Living and Staying in Your Genius

Over the span of my consulting career, I met several people who illustrated the ability to envision new opportunities within environments where deadends were all that seemed possible.  In essence, these individuals used their intuition to disrupt existing limitations and create new directions.

Interestingly, this was long before I understood what intuition was or had the language to explain its presence.  At the time, I told them they had the “Einstein brain” — the capacity to see patterns among seemingly unrelated things, events and people.  And, it was these patterns or new relationships that allowed them to innovate. Upon hearing these words, they would immediately nod in agreement.  They understood their gift or “genius” was responsible for their creative success.

As recent as 20 years ago, the business literature debated whether this gift of “creative vision” was a trait only available to leaders — the elite group of that day responsible for setting direction and making decisions.  Today, we understand this genius to be intuition — the ability to acquire knowledge without proof, evidence, or conscious reasoning, or without understanding how the knowledge was acquired.  Fortunately, we also know that the genius of intuition is a skill available to everyone.  And as with any skill, all we require to become proficient is practice.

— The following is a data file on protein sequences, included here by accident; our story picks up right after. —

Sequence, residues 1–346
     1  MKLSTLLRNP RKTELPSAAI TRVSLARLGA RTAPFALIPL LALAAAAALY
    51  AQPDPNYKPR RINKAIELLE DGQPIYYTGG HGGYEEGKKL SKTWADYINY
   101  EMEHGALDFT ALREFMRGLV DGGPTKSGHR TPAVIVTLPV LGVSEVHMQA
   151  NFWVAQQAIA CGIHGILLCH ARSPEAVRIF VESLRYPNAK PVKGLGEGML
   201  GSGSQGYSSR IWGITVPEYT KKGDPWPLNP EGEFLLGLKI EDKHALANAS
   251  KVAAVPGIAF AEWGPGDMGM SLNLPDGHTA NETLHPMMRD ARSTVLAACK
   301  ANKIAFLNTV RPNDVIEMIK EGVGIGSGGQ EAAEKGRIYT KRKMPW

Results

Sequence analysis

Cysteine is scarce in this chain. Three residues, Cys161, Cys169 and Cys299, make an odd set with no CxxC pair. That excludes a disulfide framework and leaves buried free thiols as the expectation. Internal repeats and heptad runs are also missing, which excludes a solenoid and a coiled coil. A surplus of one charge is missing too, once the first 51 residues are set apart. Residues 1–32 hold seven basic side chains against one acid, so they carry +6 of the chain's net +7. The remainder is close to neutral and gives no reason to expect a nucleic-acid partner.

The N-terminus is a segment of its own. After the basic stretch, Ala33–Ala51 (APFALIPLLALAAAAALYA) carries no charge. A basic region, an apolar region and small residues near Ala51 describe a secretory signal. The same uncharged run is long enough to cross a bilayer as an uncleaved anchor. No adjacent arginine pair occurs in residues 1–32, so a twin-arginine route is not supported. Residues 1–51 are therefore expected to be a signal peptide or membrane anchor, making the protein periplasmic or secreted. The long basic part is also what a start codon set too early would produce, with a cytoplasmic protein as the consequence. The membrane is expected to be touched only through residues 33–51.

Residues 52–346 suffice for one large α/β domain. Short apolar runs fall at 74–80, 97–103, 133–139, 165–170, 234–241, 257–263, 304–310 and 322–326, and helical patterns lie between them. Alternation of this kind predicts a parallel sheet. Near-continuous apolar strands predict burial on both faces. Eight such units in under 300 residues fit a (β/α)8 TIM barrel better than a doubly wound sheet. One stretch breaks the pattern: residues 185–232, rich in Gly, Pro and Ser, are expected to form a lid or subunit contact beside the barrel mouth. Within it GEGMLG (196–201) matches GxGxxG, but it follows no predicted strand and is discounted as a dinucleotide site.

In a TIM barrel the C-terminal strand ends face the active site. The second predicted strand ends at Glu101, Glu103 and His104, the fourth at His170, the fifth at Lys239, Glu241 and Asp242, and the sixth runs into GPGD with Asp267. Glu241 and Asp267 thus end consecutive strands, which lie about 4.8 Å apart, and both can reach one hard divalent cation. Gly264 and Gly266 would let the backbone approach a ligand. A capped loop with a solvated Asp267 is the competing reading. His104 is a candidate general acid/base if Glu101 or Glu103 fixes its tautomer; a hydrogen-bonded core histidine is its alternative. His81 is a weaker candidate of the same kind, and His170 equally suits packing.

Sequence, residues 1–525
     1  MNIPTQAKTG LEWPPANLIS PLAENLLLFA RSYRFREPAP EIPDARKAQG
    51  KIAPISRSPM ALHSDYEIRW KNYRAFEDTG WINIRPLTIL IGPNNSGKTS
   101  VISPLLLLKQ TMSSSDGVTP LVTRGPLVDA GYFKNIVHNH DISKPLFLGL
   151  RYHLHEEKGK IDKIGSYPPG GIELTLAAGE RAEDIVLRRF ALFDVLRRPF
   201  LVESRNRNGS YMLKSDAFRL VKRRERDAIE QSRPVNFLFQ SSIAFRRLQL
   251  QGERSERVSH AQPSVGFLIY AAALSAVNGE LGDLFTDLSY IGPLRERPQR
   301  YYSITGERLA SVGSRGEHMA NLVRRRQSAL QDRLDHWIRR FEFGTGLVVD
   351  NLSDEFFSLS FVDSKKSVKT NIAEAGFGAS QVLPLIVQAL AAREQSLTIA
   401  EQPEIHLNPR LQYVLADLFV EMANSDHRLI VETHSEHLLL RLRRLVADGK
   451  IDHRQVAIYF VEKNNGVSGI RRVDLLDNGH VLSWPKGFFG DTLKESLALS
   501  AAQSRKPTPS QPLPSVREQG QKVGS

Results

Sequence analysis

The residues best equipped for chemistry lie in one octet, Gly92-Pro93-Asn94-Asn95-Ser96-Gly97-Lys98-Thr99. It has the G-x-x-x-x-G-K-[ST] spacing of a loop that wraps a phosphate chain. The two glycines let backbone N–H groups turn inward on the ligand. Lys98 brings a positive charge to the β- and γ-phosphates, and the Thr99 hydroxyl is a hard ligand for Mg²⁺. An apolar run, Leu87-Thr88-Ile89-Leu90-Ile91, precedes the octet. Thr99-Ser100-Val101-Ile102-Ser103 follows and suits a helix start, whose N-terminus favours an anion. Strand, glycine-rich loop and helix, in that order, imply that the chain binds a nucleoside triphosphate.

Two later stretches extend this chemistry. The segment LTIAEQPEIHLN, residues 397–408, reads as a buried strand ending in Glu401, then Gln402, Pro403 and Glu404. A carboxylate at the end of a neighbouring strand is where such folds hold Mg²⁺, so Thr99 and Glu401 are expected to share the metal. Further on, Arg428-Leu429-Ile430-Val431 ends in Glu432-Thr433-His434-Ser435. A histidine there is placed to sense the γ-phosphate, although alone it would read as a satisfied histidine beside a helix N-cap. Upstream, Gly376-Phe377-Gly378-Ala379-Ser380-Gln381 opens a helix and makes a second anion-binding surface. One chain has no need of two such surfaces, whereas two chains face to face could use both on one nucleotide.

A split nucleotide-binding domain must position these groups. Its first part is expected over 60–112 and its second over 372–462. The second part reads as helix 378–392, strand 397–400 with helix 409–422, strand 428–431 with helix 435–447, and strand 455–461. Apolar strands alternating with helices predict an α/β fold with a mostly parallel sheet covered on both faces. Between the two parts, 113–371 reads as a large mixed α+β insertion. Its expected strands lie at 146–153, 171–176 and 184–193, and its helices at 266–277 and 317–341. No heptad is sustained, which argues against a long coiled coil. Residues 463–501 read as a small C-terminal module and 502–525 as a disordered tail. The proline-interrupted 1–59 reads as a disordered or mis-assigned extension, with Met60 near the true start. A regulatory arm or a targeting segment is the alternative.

Having spent the past 20 years listening to and acting on my intuition, my direct experience supports this practice axiom.  Indeed, there is a direct relationship between my willingness to trust my intuition and my ever-expanding capacity to solve problems and be creatively productive in the world.

What intrigues me about fully developing one’s intuition is where it could lead.  For instance, other synonyms for intuition include sixth sense, gut feeling, hunch, clairvoyance, second sight, illumination, ESP, premonition and prophecy.  As an example of these mysterious, even mystical, aspects of intuition, my early days of its practice provided glimpses of how we (humanity) are merely swimming on the surface of possibility.  These glimpses hinted at much more to be known.

As with all new experiences, there is a caveat: to fully experience intuitive potential requires taking a risk and trusting our hunches.  Intuition allows us to solve problems without relying only on facts gathered from the past.  Thus, we need to continually dive into deeper layers of the murky unknown that constitutes the adventure we euphemistically call life.  Consequently, I have a gut feeling that strengthening our intuitive muscle is the collective tipping point for human evolution.

Intellect is blind, it knows not how to deal with the new.  It always brings the old answer to the new question.   … Intuition is your consciousness, your being.  Intellect is your mind.  Instinct is your body.  Science has stopped at intellect—that’s why it cannot figure out anything about consciousness.  Osho

If, as Osho suggested, living in the state of intuition is one of the ultimate aims of humanity, then how do we go about doing this?  In my case, a daily meditation practice expanded my intuitive capability to include poetry, premonition and peaceful contentment. If you are seeking to explore or reclaim your creative potential and live in your genius or just want to feel more confident in the daily choices confronting you, start meditating.  You’ve got nothing to lose, but quite possibly everything to gain.